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Privacy and security series part 2: Best practices in breach management

In recent years, Protected Health Information (PHI) breach prevention has become the watchword. However, with security threats like ransomware—and the recent electronic medical record (EMR) system hijackings in Texas, California and Maryland—it’s time to start thinking about what happens when prevention fails.

It is critical to have an appropriately timed and coordinated response in the wake of a breach. Having a response team in place, and meeting with them regularly, is the first step in breach management. Key members of the team include legal counsel, a privacy officer, IT personnel, a public relations liaison and a human resources representative. Also be sure to nominate a manager or incident team leader as part of the plan of action (POA) to avoid scrambling in the face of a breach.

We explored response management further in a special session of AHIMA’s Virtual Privacy and Security Academy, the first in an MRO-sponsored three-part series continuing throughout the year.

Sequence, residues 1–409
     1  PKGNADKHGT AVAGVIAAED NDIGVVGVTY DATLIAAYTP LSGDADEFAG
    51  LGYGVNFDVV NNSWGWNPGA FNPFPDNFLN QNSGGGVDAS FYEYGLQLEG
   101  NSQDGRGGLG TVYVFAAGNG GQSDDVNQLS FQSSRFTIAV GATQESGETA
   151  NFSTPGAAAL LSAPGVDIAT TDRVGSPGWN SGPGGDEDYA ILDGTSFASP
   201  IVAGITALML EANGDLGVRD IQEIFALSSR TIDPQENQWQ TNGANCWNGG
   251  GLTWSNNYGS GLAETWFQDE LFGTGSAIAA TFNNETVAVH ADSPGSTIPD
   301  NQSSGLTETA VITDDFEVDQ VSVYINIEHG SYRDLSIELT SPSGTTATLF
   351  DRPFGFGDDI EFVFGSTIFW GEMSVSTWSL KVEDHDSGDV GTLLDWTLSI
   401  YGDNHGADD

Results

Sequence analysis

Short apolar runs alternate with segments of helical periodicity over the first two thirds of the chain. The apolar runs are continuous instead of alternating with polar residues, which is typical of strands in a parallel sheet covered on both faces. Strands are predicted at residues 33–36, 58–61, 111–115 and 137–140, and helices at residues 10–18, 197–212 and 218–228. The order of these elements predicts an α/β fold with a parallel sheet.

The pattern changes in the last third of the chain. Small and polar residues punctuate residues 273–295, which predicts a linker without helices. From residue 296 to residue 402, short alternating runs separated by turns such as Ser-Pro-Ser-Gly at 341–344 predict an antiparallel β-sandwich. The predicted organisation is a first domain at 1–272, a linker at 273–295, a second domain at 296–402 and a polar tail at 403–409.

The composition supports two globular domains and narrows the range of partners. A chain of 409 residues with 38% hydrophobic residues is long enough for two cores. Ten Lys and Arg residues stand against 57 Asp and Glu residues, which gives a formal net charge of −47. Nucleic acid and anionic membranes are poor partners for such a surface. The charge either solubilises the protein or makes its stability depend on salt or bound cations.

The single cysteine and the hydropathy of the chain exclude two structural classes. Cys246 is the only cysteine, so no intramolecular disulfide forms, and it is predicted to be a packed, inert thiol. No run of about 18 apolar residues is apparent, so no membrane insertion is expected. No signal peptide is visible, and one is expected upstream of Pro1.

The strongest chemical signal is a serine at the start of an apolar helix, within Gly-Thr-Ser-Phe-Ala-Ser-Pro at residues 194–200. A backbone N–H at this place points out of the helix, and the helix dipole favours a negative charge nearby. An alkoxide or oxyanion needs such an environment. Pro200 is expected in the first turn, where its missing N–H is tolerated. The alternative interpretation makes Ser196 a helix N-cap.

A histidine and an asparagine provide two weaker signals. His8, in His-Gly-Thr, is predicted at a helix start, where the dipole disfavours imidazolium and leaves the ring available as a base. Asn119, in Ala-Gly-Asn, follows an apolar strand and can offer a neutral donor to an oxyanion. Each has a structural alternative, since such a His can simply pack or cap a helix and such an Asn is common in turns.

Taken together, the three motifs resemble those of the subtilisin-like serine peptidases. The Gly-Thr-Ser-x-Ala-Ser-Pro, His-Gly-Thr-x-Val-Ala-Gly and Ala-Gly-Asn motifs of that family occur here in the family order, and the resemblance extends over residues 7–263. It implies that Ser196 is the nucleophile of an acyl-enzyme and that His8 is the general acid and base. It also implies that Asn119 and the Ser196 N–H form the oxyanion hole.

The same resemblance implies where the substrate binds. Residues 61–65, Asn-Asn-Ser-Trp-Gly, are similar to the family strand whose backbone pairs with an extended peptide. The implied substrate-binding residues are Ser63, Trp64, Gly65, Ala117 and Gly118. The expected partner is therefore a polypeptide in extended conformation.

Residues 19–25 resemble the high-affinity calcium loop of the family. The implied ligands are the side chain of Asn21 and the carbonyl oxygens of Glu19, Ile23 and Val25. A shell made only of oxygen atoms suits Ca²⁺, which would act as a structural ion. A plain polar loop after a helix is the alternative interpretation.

The following is a quick overview of some of the topics we discussed.

The first 24 hours are the most important

The first 24 hours after a breach are critical. It’s imperative to have an accurate and up-to-date call list to alert and activate key members of your organization, and to follow established response protocols.

If PHI is still at immediate breach risk, your first priority is to prevent any further incidents. As a next step, it’s important to gather as much information on the breach as possible, such as: what information got out, where did the information go, and who captured it. Notify business associates of the breach, inform local law enforcement, if necessary, and notify any other important parties, such as board members.

Communications team should help with notification

If a breach affects more than 500 patients, federal law states that public notification is required within 60 days. This can become especially tricky if you have patients in multiple states because 47 states have unique reporting laws, which are often more stringent than federal requirements. It is always best to follow the strictest approach.